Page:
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Software Development Activities In The IT Field

Mon 25 Jan 2016 10:41

Individuals who are associated with the IT industry and computers generally use the term "software development" to describe the particular kind of work, or activity, they are currently doing or involved with. The terminology is very loosely used by most people, and can include almost any type of computer programming activity - including testing, debugging, document creation, deployment, developing and maintaining application frameworks, and even customising operating systems as well as platforms. There is a trend to mention one's profession, or one's mode of professional engagement as "software development" while the person may be working as an application developer, a Java or VBScript web developer, an Android or iOS mobile apps creator, or even developing scripts for WordPress based themes.

The fact is, the words "software development" are extensively used to refer to almost any type of IT related work, or activity, and generally denotes a development of "computerizable" code, in any way or manner, and of any "kind". The following list provides a rough idea regarding the scope of development related activities in the IT field. The list is periodically updated and keeps on evolving to include the new scope of software development.

project management

Languages and scripts

1. Scripts and scripting languages:

  • HTML / HTML5 / DHTML / XHTML

  • Active Server Pages - ASP

  • VBScript

  • JScript and JavaScript

  • Personal Home Page - PHP

  • ColdFusion (ColdFusion Markup Language - CFML)

  • Ajax

  • Ruby (Ruby on Rails)

  • Python

  • AppleScript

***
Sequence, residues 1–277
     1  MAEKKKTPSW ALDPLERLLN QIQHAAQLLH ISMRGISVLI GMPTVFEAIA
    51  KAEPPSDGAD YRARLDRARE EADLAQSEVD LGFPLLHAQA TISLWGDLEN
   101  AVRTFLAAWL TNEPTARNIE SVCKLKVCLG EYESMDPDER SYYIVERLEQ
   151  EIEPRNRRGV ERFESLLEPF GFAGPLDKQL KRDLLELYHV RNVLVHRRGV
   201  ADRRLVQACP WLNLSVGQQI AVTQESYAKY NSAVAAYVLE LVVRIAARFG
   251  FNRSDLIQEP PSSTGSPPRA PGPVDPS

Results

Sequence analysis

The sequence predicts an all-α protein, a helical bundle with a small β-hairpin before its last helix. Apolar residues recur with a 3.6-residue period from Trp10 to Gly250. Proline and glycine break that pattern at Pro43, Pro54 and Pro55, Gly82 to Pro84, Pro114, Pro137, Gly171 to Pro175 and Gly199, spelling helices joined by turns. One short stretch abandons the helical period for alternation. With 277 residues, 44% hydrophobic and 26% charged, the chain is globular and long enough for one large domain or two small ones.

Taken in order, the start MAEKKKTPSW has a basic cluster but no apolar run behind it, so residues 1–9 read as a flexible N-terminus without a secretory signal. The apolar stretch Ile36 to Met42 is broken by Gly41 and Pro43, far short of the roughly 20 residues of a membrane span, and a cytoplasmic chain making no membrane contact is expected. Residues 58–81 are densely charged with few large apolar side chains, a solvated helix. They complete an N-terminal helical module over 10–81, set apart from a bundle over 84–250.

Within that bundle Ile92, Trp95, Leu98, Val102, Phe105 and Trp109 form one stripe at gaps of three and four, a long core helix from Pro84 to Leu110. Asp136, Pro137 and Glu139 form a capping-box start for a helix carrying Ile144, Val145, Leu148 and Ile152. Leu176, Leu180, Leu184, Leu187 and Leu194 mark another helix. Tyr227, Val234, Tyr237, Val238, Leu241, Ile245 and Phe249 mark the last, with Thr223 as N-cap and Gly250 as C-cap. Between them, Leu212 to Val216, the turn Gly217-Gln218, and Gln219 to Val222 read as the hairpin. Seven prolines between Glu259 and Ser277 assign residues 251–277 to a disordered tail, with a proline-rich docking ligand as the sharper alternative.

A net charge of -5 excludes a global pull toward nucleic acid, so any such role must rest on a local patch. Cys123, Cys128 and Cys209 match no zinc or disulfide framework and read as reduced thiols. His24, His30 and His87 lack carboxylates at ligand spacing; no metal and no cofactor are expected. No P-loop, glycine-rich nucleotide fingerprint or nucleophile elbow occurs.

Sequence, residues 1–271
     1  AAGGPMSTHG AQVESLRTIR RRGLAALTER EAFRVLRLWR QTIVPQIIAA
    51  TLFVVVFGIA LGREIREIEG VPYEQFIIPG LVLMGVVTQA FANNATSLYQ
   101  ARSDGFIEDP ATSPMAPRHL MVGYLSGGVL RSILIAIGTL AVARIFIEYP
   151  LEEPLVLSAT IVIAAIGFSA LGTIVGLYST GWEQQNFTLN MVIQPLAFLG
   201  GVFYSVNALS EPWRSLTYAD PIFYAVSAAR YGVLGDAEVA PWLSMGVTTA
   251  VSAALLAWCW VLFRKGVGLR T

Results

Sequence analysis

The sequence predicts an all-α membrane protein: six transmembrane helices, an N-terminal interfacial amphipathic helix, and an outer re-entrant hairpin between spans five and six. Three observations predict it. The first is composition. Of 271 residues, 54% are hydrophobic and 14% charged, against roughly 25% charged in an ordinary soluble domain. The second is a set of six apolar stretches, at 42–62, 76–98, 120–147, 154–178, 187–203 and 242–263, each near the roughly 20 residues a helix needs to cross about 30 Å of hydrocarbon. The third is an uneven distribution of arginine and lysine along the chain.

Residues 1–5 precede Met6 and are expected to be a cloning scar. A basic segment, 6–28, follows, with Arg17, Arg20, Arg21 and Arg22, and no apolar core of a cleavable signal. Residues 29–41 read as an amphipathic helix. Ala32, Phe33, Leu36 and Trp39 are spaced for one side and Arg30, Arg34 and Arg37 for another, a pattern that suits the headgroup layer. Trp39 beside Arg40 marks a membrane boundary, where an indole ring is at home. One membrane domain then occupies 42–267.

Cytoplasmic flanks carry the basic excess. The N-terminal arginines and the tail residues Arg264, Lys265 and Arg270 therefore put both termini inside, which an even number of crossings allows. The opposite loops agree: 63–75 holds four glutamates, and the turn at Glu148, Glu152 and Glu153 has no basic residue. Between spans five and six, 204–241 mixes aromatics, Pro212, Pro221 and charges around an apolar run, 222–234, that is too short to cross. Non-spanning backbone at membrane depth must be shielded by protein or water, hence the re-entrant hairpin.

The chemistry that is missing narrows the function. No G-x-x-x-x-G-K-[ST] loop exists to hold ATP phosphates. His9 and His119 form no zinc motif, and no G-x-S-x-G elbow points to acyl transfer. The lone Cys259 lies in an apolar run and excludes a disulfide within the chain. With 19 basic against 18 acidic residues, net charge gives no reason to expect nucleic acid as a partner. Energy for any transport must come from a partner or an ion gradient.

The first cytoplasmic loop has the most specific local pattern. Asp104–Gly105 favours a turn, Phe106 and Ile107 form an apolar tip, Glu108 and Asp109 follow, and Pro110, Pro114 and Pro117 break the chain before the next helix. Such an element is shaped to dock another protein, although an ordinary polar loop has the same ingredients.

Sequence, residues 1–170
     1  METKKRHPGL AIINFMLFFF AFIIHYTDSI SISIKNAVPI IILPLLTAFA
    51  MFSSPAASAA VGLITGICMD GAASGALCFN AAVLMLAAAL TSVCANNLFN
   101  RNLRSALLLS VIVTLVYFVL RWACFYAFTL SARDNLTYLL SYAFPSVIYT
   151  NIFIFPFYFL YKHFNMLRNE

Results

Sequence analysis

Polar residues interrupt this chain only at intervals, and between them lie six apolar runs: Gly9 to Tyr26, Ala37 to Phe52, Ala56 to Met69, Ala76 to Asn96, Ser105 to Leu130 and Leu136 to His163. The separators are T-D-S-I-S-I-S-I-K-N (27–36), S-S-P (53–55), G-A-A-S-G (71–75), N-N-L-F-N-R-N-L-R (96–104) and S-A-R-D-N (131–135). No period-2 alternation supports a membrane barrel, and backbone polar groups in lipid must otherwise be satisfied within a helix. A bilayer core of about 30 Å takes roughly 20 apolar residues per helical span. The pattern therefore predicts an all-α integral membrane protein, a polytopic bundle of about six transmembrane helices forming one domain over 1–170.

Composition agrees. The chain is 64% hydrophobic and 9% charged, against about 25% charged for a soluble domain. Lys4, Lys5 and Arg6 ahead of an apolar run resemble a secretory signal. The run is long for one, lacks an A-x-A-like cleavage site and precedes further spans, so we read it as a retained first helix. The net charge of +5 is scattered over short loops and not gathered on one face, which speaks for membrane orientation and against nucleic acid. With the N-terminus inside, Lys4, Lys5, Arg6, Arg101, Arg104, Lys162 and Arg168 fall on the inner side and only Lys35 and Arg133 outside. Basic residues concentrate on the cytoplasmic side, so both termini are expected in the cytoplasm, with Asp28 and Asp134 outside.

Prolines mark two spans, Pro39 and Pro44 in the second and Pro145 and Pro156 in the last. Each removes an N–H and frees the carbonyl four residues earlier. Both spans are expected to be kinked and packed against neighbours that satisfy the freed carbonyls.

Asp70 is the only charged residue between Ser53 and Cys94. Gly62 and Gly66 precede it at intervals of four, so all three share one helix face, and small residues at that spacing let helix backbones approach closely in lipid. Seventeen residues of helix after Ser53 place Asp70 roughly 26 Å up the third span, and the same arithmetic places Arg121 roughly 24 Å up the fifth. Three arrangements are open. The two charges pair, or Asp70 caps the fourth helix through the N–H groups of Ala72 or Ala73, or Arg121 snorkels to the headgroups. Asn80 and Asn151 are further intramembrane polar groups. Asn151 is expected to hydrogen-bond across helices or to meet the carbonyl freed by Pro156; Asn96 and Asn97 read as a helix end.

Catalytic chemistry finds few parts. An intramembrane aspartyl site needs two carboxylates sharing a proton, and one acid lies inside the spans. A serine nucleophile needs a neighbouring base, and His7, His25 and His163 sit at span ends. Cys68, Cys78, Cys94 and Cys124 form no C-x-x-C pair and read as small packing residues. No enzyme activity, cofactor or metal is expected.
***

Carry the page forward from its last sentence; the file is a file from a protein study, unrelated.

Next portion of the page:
• TypeScript

  • Job Control Language - JCL

  • Unix Shell scripts - ksh, csh, bash, sh, and others

2. Assembly languages:

  • Autocoder (used for programming mainframe systems such as IBM 1401 and 1440)

  • BAL (Basic AssembLer used for coding IBM System/360 and other mainframe systems)

  • FAP (Fortran Assembly Program for encoding IBM mainframes 709, 7090, and 7094)

  • GAS (acronym for GNU Assembler)

  • HLA (acronym for High Level Assembly)

  • MASM (acronym for Microsoft Macro Assembler)

  • MI (acronym for Machine Interface)

  • Motorola 68k Assembly (used for encoding Motorola 68000 family CPUs)

  • NASM (acronym for Netwide Assembler)

  • PASM

  • TASM (Turbo Assembler developed by Borland)

3. Authoring languages:

  • PILOT

4. Command line interface languages:

  • 4DOS (extended command line shell for IBM PC family)

  • csh and tcsh (C-like shell developed by Bill Joy while at UC Berkeley)

  • CLIST

  • DCL DIGITAL Command Language (for DEC, Compaq, HP)

  • DOS batch language (standard batch language for IBM PCs and clones running under MS-DOS, PC DOS, and DR-DOS before Windows)

  • EXEC 2

  • JCL (punch card oriented batch language used in IBM Systems and 360 family mainframes)

  • REXX

  • TACL (acronym for Tandem Advanced Command Language)

  • Windows batch language (as understood by COMMAND.COM and used by accessing the Command Prompt)

  • Windows PowerShell

5. Compiled languages:

  • Ada

  • ALGOL

  • BASIC

  • C

  • C++

  • CLIPPER 5.3

  • C#

  • COBOL

  • Cobra

  • Common Lisp

  • Delphi

  • Fortran